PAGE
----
Blogger Children and Technology Committee

Using Apps to Explore the Natural World

I love nature and the outdoors, and like to build on children’s natural curiosity and sense of wonder in library programming. Technology is part of our world today, and even more so, part of our children’s world. I’m excited about some of  the ways that technology can encourage and enhance exploration of the natural world. Here are six apps that you can share with children and families. All require users to do something in the world, beyond the device itself. Most can be used by preschool children, with parent/caregiver assistance, and by elementary age and older children more independently.

Merlin Bird ID

(free, iPad, iPhone, Android)
I’m a big fan of citizen science11708506813_1a7185bc68_m projects and have participated in Project Feederwatch with my own children for close to ten years. A few years ago I starting sharing information about The Great Backyard Bird Count in a storytime on birds and birdwatching. I was delighted when the Cornell Lab of Ornithology developed the Merlin Bird ID app. The question and answer format is easy enough for preschoolers to use (with an adults help, at least initially, as it involves reading).  It asks where the bird was seen (on the ground, in a tree, flying, etc.), what three main colors it was, and what size using a comparison chart that preschoolers can relate to. Then it comes up with possibilities for that bird. We identified one bird as a group from a picture of a Northern Cardinal, the state bird of Ohio, that I had seen at my feeder that day. Then children explored on their own using the three ipads we have for use in programming. The Merlin app also has a bird guide for browsing and playing different bird calls, an aspect that the children were particularly drawn to. Just listen to the Wild Turkey and you’ll see what I mean!

Other apps that build on children’s interest in the natural world include:

Out-A-Bout

(free, iPhone, iPad)

btree

Developed by the Fred Rogers Center, this app for preschoolers encourages movement, physical activity, and early literacy. It requires interactivity, as you take a photo of your child doing different activities like pretending to climb a tree, to jump, to squat like a frog.  Then the app creates a storybook from the images, that can be read multiple times, saved, and shared.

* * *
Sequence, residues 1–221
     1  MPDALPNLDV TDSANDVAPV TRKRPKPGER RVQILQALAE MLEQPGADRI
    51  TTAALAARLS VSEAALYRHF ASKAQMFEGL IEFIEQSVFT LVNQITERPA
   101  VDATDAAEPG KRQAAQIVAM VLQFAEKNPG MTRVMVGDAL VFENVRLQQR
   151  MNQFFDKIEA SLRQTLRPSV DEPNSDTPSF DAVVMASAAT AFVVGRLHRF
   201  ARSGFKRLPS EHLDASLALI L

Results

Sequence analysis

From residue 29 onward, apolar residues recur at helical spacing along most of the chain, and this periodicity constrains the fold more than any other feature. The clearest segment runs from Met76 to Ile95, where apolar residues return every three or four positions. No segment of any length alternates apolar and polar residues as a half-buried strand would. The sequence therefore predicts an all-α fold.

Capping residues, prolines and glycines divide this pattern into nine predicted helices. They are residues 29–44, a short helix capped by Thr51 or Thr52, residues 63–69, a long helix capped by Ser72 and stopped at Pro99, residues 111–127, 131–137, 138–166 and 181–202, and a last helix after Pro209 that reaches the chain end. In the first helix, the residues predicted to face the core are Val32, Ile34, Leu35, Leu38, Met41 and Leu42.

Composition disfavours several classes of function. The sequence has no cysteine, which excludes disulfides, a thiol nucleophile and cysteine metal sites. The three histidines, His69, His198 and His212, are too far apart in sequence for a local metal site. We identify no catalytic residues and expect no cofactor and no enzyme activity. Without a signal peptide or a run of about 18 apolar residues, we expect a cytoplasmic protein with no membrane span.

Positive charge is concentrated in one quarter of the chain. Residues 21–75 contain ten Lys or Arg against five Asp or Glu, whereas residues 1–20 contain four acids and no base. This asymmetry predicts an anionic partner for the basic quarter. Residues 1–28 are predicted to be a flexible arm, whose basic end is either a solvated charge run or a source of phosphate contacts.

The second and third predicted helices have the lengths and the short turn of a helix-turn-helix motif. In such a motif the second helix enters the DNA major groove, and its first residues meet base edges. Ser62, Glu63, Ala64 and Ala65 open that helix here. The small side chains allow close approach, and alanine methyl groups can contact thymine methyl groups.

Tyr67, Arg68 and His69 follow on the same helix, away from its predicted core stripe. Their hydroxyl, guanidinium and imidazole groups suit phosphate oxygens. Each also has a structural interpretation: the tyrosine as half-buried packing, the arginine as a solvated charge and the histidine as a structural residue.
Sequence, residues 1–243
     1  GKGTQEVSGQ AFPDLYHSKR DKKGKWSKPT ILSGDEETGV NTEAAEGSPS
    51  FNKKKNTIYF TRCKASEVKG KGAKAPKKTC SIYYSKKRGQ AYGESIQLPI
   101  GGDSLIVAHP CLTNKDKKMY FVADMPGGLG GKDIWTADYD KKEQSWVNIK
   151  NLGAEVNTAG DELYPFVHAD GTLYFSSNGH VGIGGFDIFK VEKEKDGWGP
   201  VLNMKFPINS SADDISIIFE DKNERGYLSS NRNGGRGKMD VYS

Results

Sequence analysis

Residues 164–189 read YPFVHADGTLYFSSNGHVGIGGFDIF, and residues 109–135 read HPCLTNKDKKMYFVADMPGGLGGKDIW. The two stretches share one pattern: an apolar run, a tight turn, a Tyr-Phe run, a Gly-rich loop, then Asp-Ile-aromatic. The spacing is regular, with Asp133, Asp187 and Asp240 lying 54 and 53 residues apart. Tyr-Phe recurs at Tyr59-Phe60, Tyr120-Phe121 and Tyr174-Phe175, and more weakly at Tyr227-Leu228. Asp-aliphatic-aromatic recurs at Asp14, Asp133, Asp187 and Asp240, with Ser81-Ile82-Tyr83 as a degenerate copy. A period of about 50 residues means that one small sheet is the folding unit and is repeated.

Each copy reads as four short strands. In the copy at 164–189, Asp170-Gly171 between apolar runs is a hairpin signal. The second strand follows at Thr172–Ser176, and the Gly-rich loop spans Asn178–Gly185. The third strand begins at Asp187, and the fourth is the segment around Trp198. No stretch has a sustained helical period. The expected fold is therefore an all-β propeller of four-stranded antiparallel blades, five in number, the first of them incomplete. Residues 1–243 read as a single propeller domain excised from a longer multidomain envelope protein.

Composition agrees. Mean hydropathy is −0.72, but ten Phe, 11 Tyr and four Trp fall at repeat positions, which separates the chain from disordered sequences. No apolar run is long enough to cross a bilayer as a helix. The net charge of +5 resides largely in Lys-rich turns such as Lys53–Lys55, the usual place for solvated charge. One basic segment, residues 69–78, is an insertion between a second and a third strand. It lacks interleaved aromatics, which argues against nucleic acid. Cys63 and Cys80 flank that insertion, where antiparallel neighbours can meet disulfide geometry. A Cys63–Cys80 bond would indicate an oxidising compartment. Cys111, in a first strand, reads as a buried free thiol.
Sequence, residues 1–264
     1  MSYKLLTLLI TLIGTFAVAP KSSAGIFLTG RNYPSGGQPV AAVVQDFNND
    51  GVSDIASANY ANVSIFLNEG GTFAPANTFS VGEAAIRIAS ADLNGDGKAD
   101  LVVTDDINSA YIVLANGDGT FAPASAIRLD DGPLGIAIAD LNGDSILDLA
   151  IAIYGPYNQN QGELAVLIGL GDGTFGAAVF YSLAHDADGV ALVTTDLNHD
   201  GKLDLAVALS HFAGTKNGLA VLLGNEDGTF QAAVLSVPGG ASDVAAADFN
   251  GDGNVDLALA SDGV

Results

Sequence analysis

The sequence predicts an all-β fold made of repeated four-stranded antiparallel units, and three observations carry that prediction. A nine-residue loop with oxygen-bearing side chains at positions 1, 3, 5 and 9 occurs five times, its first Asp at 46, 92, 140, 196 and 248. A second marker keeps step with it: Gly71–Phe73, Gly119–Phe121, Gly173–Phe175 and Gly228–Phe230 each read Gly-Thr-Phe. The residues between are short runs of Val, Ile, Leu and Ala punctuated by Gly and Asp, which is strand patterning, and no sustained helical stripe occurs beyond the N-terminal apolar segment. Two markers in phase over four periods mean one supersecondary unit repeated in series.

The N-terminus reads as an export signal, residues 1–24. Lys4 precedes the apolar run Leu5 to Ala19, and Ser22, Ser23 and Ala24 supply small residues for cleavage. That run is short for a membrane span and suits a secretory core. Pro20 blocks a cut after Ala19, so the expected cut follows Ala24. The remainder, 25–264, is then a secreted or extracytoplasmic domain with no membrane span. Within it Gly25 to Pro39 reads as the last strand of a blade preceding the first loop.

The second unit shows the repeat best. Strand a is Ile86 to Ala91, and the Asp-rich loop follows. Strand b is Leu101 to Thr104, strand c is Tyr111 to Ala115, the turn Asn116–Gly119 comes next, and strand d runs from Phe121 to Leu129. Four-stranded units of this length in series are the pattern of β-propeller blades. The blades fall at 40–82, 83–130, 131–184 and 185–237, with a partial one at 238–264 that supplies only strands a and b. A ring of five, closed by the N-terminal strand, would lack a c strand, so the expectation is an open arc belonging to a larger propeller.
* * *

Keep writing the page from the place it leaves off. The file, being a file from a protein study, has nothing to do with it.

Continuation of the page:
Nature’s Notebook

(free, iPhone, iPad, Android)

From the USA National Phenology Network, Nature’s Notebook is a citizen science project focused on recording seasonal changes in plants and animals. You register with the website, and then use the app to record observations. Lesson plans are provided for students from elementary to high school.  I already do programs on hibernation (getting ready for winter), the frog and butterfly life cycle, and trees, so I’m looking forward to suggesting this app to parents and teachers.

Trees Pro HD

(free, iPhone, iPad; two additional tree packs for $2.99; Android: $12.99)

This app can help identify trees by leaf type, bark, and fruit, flower or nut. Take a quiz to test your tree knowledge.

Project Noah

(free, iPhone, iPad, Android)

Another citizen science opportunity that is very kid-friendly and encourages closer observation of the natural world. A child, or family together, can choose missions, local or global, to participate in. Earn patches as you record nature spottings along the way, from the initial Tadpole patch to Bug Lover (50 arthropods) or Reptile Specialist (20 reptile spotting). The field guide includes photos from other Project Noah participants with a map of where the plant or animal was spotted.

Night Sky Lite

(free, iPhone, iPad, Android)

Just hold your de9684969716_411c2d9bb4_mvice up to the sky and this app identifies stars, constellations, and planets overhead. Great for budding stargazers. For those who want to learn more, upgrades provide additional information about the wonders overhead (and eliminate the ads at the bottom.)

What are some of your favorite apps for nature or outdoor exploration?

Robin L. Gibson is a Youth Services Librarian at the Westerville Public Library in Westerville Ohio and member of the Children and Technology Committee.

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